Those Pearly Whites
Turn up the wattage on your sparkling smile
If a whiter smile is one of your New Year’s resolutions, you’re in the right place. Depending on your budget and your teeth, you have a variety of options.
The least expensive option is whitening toothpaste, says Dr. Cappy Sinclair of Coastal Cosmetic Dentistry in Virginia Beach. According to the American Dental Association, these toothpastes remove surface stains without bleaching.
Crest Pro-Health Whitening Toothpaste does a pretty good job of lightening teeth one to two shades over three to four months, Sinclair says. Crest Pro Health Whitening Toothpaste also has earned the American Dental Association’s Seal of Acceptance. Other whitening toothpastes include Colgate Total Advanced Whitening Toothpaste and Tom’s of Maine Simply White Clean Mint Toothpaste.
“Most of the whitening toothpastes get their whitening effects from abrasive paste within the toothpaste,” Sinclair explains.
The next step is over-the-counter whitening strips. “Crest Whitestrips obviously have the biggest name associated with them,” Sinclair says. (The ADA currently has not awarded its Seal of Acceptance to any over-the-counter whitening strips.)
Whitening strips give fairly fast results—two to three shades lighter in about three weeks. The best candidates are people in their 20s and 30s who have light stains on their teeth from drinking tea or coffee and who haven’t had any dental work done, Sinclair says. If you have fillings on the front or sides of a tooth, the strips won’t whiten those areas, he notes.
He says the results are similar to what you’d see after a standard six-month cleaning and polishing at your dentist’s office.
Although you don’t have to see a dentist to use OTC whitening strips, doing so is a good idea, according to the ADA. This is especially important for patients with many fillings, crowns and extremely dark stains. A thorough oral examination, performed by a licensed dentist, is essential to determine if bleaching is an appropriate course of treatment. Some tooth discolorations may be the result of a disease or condition that requires dental treatment, and whitening your teeth without seeing a dentist first could mask the problem and delay diagnosis, the ADA says.
Your dentist is also able to educate you about how bleaching will work with existing restorations you have and to make sure you have realistic expectations. For example, bleaching won’t work on existing crowns, so you’d have to factor in the expense of replacing the crown. But if you’re getting your first crown, that might be the time to consider bleaching.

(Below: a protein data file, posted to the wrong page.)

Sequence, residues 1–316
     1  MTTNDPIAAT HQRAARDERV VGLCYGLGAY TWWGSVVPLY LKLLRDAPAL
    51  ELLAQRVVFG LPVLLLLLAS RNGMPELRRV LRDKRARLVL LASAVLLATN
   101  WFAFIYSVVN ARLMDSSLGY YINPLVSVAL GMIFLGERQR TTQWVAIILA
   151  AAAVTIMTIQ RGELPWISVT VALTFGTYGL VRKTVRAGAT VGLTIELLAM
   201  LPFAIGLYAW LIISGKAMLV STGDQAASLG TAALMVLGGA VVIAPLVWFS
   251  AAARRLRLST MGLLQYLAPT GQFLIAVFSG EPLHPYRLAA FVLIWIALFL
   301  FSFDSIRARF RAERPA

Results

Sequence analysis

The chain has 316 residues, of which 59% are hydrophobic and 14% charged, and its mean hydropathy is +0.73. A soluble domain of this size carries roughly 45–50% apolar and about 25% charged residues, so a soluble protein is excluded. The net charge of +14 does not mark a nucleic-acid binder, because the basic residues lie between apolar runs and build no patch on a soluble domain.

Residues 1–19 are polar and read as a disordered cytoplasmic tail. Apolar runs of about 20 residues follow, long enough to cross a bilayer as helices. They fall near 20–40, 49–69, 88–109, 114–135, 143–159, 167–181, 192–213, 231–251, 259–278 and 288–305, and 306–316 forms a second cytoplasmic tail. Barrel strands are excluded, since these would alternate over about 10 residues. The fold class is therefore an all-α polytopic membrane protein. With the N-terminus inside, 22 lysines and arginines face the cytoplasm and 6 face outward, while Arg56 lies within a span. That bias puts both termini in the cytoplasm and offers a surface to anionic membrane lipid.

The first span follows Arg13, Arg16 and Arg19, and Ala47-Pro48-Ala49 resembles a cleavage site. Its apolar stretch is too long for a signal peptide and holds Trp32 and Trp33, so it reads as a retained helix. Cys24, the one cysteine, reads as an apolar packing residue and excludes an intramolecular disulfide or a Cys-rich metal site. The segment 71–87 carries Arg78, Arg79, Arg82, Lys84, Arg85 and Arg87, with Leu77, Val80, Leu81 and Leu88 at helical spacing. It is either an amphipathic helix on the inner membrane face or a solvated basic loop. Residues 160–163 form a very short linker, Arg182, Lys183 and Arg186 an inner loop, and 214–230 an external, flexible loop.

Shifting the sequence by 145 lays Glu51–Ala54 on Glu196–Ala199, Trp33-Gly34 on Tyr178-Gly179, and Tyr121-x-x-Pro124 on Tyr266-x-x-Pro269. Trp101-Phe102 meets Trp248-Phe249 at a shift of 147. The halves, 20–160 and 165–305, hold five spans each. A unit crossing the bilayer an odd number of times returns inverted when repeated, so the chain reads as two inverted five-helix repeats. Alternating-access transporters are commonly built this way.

Custom Bleaching at Your Dentist’s Office
Custom bleaching trays made in the dentist’s office are the next step and are a good option for patients in their 40s and 50s who have a lot of internal staining from longtime use of tea, coffee and red wine, Sinclair says.
The dentist will first clean your teeth, fill any cavities and address other problems.
Then the dentist takes impressions of your teeth and creates a special mold for the bleaching agent, Sinclair says. The bleaching agent (10 to 25 percent of hydrogen peroxide or carbamide peroxide) works by dehydrating the teeth and then pulling out internal stains. Users may sleep wearing the trays or wear them an hour or more during the day, he notes.
Users should avoid coffee, tea, red wine or smoking for 15 minutes after use because the newly dehydrated teeth would be especially susceptible to new stains, he says.
For in-office bleaching, the ADA recommends that dentists consider prescribing non-steroid anti-inflammatory medications (such as Advil) because patients’ teeth may be sensitive afterward.
In-Office Laser Bleaching
In a rush? Your best option may be in-office laser bleaching, Sinclair says. “This is if you want your teeth as white as you can get…tomorrow. A great example is someone who is getting married or has another event on Saturday and comes in on Thursday and wants her teeth whitened immediately.”
The dentist will isolate and protect your gums and lips, apply light-activated gel and then activate the gel with a special laser, Sinclair says. You will also take home a set of custom trays for maintenance and touchups.
Crowns and Veneers
For some stains, the best options are veneers and crowns. People in their 50s and 60s whose teeth were stained by antibiotics such as tetracycline or by chemicals in water systems probably won’t see results from bleaching, Sinclair says. The main options for these patients are veneers, which are on the outside front of the tooth, or crowns that encapsulate the entire tooth. Veneers preserve more natural tooth structure than crowns, Sinclair says. Crowns may be called for if the patient has previous fillings or tooth decay.